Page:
There was Lord Krishna, a cowherd who used to play the flute to keep his cows in good humour. And then there’s Krishna Mistry (35), who rides a horse to guard his herd.
While riding a horse is usually considered to be a hobby of the affluent in Odisha, Krishna, a small dairy owner in Malkangiri district, sits astride his horse to guard his cows while they are grazing in open fields. The horse has been specially trained to stop the cows from wandering too far away.
A resident of MV 42 village, Krishna says he was preparing for his matriculation exams when his father died. “This put an end to my education because the responsibility of my elderly mother and younger brother fell on my shoulders. In order to run the household, I bought 11 cows to run a dairy farm,” he said.
Once, during a trip to Andhra Pradesh, he had come across a cowherd riding a horse. Since then, he had been harbouring a desire to own a horse one day.
Eventually, he bought a horse and trained it to guard cows. The horse died after 5 years, leaving him heartbroken. But then, he came across a man selling a mare at Papadahandi in Nabarangpur district. He bought the mare for Rs 11,000 and named it Rani. He then also trained Rani to guard cows.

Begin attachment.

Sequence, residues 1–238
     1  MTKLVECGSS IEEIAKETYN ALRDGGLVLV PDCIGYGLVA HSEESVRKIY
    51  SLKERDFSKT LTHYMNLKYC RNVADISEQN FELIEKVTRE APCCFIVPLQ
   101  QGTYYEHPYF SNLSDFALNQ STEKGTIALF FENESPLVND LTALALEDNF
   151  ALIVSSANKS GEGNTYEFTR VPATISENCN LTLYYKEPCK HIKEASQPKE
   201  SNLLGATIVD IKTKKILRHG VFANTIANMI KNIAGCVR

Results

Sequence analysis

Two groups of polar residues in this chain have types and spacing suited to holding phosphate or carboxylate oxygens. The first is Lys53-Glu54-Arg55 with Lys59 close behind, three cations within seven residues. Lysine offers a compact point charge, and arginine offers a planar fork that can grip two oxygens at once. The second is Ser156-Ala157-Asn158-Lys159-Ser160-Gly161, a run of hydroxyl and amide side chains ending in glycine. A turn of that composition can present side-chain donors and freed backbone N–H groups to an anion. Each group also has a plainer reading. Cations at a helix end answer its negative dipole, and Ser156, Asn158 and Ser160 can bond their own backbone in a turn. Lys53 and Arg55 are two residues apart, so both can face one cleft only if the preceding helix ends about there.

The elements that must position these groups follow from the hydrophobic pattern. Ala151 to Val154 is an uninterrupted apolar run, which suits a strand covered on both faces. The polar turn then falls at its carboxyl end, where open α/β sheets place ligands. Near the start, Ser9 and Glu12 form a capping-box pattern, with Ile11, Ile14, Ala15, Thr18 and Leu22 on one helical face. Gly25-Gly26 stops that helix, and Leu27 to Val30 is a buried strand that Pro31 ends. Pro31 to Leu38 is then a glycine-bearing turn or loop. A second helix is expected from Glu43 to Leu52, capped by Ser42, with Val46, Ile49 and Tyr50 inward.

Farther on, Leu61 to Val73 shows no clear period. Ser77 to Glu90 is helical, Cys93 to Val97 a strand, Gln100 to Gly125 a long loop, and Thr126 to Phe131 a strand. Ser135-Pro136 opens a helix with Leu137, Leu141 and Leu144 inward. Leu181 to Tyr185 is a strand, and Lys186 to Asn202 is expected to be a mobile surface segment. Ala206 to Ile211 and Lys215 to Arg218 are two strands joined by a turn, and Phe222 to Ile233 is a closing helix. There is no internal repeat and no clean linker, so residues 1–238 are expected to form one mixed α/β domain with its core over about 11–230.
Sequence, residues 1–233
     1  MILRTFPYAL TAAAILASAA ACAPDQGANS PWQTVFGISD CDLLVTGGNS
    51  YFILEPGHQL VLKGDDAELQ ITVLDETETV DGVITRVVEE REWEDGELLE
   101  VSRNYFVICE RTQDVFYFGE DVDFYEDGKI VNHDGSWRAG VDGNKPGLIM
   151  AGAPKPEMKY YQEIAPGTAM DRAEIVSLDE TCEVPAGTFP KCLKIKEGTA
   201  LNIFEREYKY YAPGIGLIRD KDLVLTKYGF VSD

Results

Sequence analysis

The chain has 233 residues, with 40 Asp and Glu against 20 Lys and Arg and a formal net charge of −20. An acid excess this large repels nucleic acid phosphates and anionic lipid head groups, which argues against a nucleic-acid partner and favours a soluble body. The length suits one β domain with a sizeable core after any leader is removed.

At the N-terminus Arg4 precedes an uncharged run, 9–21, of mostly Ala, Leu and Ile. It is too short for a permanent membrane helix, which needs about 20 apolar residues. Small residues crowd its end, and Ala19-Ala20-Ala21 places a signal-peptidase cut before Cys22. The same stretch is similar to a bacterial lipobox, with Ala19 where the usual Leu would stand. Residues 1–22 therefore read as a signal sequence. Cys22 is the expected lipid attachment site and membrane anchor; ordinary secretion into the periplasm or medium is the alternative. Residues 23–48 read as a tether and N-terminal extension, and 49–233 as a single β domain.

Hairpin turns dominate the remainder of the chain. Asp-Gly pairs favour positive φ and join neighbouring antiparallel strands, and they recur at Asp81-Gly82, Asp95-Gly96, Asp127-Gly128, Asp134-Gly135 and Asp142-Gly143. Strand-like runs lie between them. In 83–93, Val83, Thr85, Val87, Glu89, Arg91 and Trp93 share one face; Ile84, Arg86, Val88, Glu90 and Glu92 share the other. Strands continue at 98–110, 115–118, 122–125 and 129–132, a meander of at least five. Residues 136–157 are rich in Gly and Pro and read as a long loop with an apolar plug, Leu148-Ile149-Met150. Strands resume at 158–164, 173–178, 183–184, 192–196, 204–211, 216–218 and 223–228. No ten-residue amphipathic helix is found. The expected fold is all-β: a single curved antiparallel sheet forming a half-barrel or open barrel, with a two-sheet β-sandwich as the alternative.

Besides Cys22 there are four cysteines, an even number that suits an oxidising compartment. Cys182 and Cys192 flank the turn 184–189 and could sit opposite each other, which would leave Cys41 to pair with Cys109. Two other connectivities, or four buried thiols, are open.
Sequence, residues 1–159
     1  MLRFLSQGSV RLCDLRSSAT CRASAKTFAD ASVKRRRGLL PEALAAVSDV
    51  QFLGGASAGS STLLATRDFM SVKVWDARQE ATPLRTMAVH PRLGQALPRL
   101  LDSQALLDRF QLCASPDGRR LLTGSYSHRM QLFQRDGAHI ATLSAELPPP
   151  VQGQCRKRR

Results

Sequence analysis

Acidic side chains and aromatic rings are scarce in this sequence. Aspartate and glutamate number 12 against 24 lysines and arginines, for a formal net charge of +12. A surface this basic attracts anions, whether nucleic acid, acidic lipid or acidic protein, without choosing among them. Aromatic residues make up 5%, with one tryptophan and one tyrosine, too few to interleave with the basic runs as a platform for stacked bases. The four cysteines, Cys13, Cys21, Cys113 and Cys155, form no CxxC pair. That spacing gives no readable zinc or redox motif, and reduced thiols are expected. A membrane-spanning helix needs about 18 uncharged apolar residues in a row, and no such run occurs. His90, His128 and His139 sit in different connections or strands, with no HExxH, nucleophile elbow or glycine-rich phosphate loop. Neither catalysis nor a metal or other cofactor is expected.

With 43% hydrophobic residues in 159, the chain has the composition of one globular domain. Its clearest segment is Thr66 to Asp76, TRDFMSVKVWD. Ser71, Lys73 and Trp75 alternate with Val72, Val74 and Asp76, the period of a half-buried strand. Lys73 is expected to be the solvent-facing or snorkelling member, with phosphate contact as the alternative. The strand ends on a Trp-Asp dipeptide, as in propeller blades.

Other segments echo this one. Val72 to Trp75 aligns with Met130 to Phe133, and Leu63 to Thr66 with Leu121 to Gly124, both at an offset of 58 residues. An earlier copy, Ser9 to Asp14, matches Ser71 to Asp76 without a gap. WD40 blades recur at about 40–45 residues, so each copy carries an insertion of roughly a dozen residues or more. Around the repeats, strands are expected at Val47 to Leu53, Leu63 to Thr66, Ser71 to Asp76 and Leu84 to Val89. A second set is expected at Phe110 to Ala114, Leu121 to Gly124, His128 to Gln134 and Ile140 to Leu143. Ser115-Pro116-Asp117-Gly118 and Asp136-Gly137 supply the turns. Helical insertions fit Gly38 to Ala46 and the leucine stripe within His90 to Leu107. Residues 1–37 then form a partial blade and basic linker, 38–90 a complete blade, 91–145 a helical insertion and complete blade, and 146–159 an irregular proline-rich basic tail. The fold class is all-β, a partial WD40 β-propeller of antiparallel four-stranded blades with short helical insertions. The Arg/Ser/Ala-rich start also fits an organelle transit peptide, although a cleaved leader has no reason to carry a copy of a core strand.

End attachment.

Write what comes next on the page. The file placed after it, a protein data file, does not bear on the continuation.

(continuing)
Rani is so well trained that even if Krishna returns home, it guards the cows diligently. Having Rani is a great comfort for Krishna, especially during monsoon when it becomes tough to herd the grazing cows in muddy fields. It helps him to ride on Rani to guard the cows, reports Prameya.
According to Krishna, Rani eats rice and roti like humans and has special weakness for peethas. Rani follows him the moment he steps out of his home.
Nowadays, he sells around 30 litre milk every day and earns around Rs 1,200 daily, making for a monthly income of Rs 36,000. He is married now and his wife helps him in taking care of the cows. What’s more, his two-year-old daughter too has got Rani as a friend.